Building clean energy infrastructure: Roadblocks, tradeoffs, and solutions


Building clean energy infrastructure: Roadblocks, tradeoffs, and solutions


A goal realized: Network lobbyists’ sweeping capture of their regulator

Supporter of Net Neutrality
Editor's note:

Tom Wheeler served as the 31st Chairman of the Federal Communications Commission from 2013 to 2017.

When the Federal Communications Commission (FCC) voted December 14 to repeal the rules protecting a fast, fair, and open internet, the lobbyists for the internet service providers realized their long-envisioned strategy to gut the authority of the agency that since 1934 has been charged with overseeing the activities of the nation’s essential networks.

“Here’s how the telecom industry plans to defang their regulators,” a September 12, 2013 Washington Post headline announced. “[T]elecom giants including Verizon, AT&T and Comcast have launched multiple efforts to shift regulation of their broadband business to other agencies that don’t have nearly as much power as the FCC,” the article explained.

The companies’ goal: to move regulatory jurisdiction from the Federal Communications Commission to the Federal Trade Commission (FTC). Strategically, it is a brilliant sleight of hand since the FTC has no rulemaking authority and no telecommunications expertise, yet the companies and the policymakers who support them can trot out the line that the FTC will protect consumers.

By a party-line vote, the Trump FCC executed the network companies’ playbook to perfection. The press has focused on the repeal of the Obama era net neutrality rules, but the Commission went far beyond that to deliver just what the headline proclaimed. The agency responsible for oversight of the nation’s networks has disavowed responsibility for the internet.

With this vote, the FCC walked away from over a decade of bipartisan efforts to oversee the fairness and openness of companies such as Comcast, AT&T, Charter, and Verizon. These four companies control over 75 percent of the residential internet access in America, usually through a local monopoly. Henceforth, they will be able to make their own rules, subject only to very limited after-the-fact review.

For a dozen years, both Republican and Democrat FCCs have protected consumers from the actions of internet service providers. That bipartisan legacy has been renounced by the Trump FCC, which has washed its hands of any oversight responsibility.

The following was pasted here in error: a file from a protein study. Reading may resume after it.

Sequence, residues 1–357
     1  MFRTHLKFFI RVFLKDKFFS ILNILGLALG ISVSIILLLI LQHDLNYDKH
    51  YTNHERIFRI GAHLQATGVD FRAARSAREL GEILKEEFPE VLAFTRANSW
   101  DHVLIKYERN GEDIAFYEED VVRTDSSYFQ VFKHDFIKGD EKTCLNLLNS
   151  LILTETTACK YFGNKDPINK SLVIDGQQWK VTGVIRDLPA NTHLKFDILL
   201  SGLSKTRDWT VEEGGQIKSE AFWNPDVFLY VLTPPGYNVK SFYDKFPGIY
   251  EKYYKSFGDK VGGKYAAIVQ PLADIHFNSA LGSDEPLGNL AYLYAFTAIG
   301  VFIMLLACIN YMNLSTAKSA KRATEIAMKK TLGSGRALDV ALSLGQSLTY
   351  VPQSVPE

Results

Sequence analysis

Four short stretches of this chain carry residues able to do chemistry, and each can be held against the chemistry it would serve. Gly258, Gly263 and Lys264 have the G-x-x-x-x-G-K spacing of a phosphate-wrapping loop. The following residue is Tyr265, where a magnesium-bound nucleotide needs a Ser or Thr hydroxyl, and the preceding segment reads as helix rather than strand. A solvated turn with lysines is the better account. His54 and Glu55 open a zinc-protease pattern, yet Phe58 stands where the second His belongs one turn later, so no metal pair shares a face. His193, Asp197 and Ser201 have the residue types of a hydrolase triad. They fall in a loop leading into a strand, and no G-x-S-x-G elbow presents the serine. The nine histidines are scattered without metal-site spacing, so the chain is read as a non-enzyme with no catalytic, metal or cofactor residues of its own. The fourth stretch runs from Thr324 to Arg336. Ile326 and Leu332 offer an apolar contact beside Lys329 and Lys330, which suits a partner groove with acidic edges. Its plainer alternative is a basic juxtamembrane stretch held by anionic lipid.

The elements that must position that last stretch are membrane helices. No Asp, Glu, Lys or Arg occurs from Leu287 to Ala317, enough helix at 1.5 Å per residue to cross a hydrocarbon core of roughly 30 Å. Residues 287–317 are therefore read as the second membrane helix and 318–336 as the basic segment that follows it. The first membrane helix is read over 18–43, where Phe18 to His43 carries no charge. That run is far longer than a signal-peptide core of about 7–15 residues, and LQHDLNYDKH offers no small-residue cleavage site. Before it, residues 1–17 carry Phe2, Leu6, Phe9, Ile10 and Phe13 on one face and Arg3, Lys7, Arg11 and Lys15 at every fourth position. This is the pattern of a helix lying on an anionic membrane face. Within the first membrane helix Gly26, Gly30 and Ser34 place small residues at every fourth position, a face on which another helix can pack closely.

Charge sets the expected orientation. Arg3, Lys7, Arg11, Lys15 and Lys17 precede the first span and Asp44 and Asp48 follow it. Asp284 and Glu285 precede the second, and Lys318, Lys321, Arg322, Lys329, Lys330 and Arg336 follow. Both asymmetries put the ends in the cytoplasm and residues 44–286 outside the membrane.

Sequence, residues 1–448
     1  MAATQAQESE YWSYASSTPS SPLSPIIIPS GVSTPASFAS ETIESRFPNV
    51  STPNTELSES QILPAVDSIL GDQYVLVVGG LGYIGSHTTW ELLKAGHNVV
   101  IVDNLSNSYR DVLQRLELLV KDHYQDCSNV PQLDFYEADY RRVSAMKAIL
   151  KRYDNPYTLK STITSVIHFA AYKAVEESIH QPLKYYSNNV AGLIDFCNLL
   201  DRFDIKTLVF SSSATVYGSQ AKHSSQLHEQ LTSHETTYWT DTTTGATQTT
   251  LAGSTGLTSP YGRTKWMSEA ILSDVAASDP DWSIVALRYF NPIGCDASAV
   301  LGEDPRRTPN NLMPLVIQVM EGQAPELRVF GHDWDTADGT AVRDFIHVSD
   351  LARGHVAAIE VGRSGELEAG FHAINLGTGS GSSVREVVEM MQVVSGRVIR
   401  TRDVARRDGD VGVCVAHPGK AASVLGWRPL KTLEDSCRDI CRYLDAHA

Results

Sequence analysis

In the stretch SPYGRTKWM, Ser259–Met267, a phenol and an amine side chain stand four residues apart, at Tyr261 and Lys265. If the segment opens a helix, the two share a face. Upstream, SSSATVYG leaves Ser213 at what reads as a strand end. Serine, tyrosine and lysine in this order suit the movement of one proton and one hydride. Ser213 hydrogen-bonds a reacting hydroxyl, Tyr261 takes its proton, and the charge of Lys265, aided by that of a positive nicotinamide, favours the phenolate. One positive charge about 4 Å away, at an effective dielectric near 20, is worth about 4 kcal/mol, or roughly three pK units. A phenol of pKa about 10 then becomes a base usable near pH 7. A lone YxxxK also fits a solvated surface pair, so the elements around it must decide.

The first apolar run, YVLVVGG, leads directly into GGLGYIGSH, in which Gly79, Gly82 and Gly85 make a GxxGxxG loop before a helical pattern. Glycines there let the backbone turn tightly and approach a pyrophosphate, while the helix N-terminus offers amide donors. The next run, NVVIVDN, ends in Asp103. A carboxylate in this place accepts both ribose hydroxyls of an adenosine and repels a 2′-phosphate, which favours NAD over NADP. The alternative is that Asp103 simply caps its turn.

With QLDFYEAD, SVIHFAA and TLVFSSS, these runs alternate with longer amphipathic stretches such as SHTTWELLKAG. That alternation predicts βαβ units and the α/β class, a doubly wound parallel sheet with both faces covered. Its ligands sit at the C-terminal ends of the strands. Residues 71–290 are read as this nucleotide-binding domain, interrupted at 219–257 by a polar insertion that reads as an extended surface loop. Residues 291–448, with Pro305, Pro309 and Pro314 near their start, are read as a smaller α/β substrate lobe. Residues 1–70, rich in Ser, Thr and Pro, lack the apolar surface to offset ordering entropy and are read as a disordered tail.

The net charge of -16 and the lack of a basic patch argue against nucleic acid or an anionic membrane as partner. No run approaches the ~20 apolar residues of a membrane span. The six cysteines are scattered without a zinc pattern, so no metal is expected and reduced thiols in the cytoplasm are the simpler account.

We are only talking about the network that defines the 21st century.

We are only talking about the network that has redefined how each of us goes about our daily lives.

We are only talking about the network that has reshaped economic activity and will continue to do so.

Yet, we are also talking about a network where there will no longer be a responsible authority proactively looking out for the interests of the users against the desires of the owners.

The assertion that the FTC will be able to provide that protection adequately is an empty promise. The people at the FTC are good people, but they have neither network expertise, nor the authority to make rules. The responsibility of the FTC—spread out across the entire economy as opposed to the focused attention of the FCC—is to bring an enforcement action against a company for “unfair or deceptive acts or practices.” Such enforcement actions are backward-looking, after the horse is out of the barn—or the barn has burned down, for that matter.

There is also ongoing litigation that the FTC may, in fact, have no authority over the network companies. Interestingly, it was AT&T that sued the FTC to claim the agency had no authority over an alleged advertising violation because only the FCC had authority over them. Now, while that case is still pending, AT&T is leading the lobbying charge that the FTC has plenty of authority to protect consumers and the expert agency, the FCC, should back away from its responsibilities.

The FCC’s renunciation of the open internet is a clean-sweep for the network companies to whom we write our monthly checks. Not only have the networks captured their regulator, but have bent Congress to their will when it repealed a prior FCC rule to prohibit network operators from capturing and selling personal information without permission. Conveniently, the companies’ solution for protecting consumer privacy is also taking authority from the FCC and claiming the FTC can do the job.

The 2013 network lobbyists’ playbook has just clinched the regulatory Super Bowl. Both in Congress and the FCC, the major internet companies have delivered on their 2013 plan to shift regulatory responsibility to less powerful agencies. The result may be year-end bonuses for the company lobbyists, but it’s a lump of coal for consumers.

AT&T, Charter, Comcast, and Verizon are donors to the Brookings Institution. The findings, interpretations, and conclusions posted in this piece are solely those of the author and not influenced by any donation.